|Also called||Nasr 128 GLS 1300 (Egypt)|
SEAT 128 (Spain)
Zastava 101/128 (Serbia)
|Production||1969–1985 (Fiat, Italia)|
1971-1990 (Fiat, Argentina)
1976-1980 (3P, SEAT)
|Body and chassis|
|Class||Small family car (C)|
|Wheelbase||2,445 mm (96.3 in)|
|Length||3,850 mm (151.6 in)|
|Width||1,590 mm (62.6 in)|
|Height||1,340 mm (52.8 in)|
|Kerb weight||750–770 kg (1,653–1,698 lb)|
|Predecessor||Fiat 1100 R|
The Fiat 128 is a transverse front-engine, front wheel drive small family car manufactured and marketed by Fiat from 1969 to 1985 as a two- or four-door sedan, three- or five-door station wagon as well as two- or three-door coupé. The 128 running gear and engine, reconfigured for a mid-engined layout, were used in the Fiat X1/9 sports car.
The 128 was noted for its innovative front-engine, front-drive layout, which enabled an especially large interior volume and ultimately became the predominant front engine/drive layout, worldwide. In 2012 automotive journalist Jamie Kitman called the 128 a "pioneer of the small cars we drive today."
With engineering by Dante Giacosa and engine design by Aurelio Lampredi, the 128 was noted for its relatively roomy passenger and cargo volume — enabled by a breakthrough innovation to the front-engine, front-drive layout which became the layout "adopted by virtually every other manufacturer in the world" for front-wheel drive. Giorgetto Giugiaro noted that in 1970, Volkswagen completely dismantled a Fiat 128, recognizing it as the reference for their forthcoming Golf.
Fiat built an entirely new plant in Rivalta, north-west of Turin, specifically to manufacture the new 128. In all, 2,776,000 sedans and wagons were built in Italy, plus 330,800 coupés and 3Ps.
Front drive innovation
Front-wheel drive had previously been introduced to small, inexpensive cars by BMC, firstly with the Mini in 1959 and then with the larger 1100/1300 series in 1962. During the mid-1960s, Fiat set about designing a new car to compete with the latter. The BMC design of Alec Issigonis had the transmission and engine sharing a single oil sump — despite disparate lubricating requirements — and located the engine's radiator at the side of the engine, away from the flow of fresh air and drawing heated rather than cool air over the engine. The layout often required the engine to be removed to service the clutch.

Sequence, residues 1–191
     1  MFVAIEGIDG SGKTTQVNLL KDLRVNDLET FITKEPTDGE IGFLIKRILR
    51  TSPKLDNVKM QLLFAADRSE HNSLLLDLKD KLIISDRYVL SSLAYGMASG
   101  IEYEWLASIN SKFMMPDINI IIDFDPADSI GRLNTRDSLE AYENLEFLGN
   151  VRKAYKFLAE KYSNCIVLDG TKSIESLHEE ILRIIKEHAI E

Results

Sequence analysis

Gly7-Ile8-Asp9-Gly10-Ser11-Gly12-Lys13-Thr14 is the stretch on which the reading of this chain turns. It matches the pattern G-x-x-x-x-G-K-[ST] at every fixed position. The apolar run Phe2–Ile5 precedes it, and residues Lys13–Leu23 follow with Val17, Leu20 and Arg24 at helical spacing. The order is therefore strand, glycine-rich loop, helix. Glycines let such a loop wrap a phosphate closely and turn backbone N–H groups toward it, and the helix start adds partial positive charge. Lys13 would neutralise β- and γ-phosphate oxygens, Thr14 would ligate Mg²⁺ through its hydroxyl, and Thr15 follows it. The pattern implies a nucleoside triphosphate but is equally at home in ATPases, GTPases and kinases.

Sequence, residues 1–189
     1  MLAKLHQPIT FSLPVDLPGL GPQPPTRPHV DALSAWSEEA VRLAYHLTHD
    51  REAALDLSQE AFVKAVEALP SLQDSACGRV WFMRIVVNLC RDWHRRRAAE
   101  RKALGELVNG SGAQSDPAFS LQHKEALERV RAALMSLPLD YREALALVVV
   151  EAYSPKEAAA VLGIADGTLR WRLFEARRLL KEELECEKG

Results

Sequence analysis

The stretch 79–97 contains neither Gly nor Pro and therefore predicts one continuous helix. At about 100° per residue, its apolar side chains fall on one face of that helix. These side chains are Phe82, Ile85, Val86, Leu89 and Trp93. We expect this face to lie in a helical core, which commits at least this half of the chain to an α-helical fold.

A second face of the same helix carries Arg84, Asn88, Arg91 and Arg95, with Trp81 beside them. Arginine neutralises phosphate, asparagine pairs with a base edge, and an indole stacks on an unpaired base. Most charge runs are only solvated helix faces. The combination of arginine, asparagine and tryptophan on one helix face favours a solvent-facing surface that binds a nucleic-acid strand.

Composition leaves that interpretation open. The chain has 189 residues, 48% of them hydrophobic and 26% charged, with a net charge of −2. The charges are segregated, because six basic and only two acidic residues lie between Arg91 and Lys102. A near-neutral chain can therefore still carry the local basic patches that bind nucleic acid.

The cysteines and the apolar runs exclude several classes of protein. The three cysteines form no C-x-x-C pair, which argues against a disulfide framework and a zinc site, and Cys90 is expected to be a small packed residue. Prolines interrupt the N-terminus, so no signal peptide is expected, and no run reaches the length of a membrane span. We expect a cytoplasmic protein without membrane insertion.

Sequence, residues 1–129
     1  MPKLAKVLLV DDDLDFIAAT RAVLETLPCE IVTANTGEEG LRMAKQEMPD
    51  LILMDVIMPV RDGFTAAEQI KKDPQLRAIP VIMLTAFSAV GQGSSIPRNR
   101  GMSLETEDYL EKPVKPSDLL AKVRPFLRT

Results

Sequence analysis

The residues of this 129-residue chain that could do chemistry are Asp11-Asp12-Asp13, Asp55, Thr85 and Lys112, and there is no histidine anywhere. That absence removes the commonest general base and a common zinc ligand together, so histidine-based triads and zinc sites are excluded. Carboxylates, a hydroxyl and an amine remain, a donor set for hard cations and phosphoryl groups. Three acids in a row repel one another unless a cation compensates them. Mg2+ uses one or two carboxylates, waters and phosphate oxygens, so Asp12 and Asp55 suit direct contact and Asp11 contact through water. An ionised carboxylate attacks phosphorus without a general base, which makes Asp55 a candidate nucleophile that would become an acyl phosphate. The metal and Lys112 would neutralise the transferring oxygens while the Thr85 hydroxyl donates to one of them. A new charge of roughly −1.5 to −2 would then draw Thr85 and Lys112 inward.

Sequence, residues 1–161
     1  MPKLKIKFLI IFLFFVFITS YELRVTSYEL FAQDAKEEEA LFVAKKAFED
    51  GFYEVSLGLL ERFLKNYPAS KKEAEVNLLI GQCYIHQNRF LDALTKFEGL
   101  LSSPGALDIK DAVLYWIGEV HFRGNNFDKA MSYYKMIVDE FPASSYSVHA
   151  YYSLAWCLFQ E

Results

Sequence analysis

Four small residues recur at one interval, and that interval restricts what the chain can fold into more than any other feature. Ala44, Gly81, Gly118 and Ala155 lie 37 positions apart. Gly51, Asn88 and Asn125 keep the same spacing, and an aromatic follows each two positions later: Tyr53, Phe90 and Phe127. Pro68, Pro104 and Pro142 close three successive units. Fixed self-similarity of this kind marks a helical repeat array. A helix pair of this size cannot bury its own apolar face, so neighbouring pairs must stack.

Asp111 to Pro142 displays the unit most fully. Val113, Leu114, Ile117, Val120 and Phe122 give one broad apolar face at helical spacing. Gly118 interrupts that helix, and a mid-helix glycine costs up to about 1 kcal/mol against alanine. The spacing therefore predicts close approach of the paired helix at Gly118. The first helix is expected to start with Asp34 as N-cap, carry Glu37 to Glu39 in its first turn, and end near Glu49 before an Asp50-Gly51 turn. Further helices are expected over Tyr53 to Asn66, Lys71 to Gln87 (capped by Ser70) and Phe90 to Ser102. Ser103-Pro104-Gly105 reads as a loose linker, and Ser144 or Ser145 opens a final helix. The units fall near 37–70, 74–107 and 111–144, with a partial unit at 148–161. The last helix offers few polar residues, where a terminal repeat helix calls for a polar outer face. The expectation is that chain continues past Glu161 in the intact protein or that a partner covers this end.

The Fiat 128's arrangement had numerous differences. As engineered by Dante Giacosa, it featured a transverse-mounted engine with unequal-length drive shafts and an innovative clutch release mechanism — an arrangement which Fiat had strategically tested on a previous production model for a full five years, the Primula from its less market-critical subsidiary, Autobianchi. The layout enabled the engine and gearbox to be located side by side without sharing lubricating fluid while orienting an electrically controlled cooling fan toward fresh air flow. By using the Primula as a test-bed, Fiat was able to sufficiently resolve the layout's disadvantages, including uneven side-to-side power transmission, uneven tire wear and potential torque steer, the tendency for the power of the engine alone to steer the car under heavy acceleration.
The compact and efficient layout — a transversely-mounted engine with transmission mounted beside the engine driving the front wheels through an offset final-drive and unequal-length driveshafts — subsequently became common with competitors and arguably an industry standard.
The layout was sufficiently flexible that Fiat reconfigured the 128 drive-train as a mid-engined layout for the Fiat X1/9.
The all new 1.1 litre Fiat SOHC engine, engineered by noted engine designer Aurelio Lampredi, featured an iron block mated to an aluminum head along with a belt-driven single overhead camshaft producing 49 hp.
The 128 was styled similarly to the 124 and 125 and featured rack-and-pinion steering, Pirelli 145R13 Cinturato or 145R13 Michelin ZX radial tyres, front disc brakes, independent rear suspension with a transverse leaf spring, and a strut-type front suspension with integral anti-roll bar.
Initially, the 128 was available as a two-door or four-door sedan. At the 1970 Turin Motor Show a three-door station wagon model called "Familiare" was added to the line-up. The car was only available with a 1116 cc engine on launch, though the two-door-only 128 Rally edition launched in 1971 used a 1,290 cc unit. Also in 1971, the Sport Coupé, an all-new coupé body on a shortened 128 platform, was unveiled at the Turin Show. On launch it was available with both existing 128 engines.
The 128 range underwent a facelift in 1972, featuring a revised grille. 1974 saw the launch of the 128 Special, which used the Rally engine in a four-door sedan body. In 1975 the 128 3P (3-door) Berlinetta replaced the Sport Coupé. In 1976, the range received new bumpers, rectangular headlights, tail lights and dashboard as well as modifications to the engines. At this time, the wagon was also renamed the "Panorama".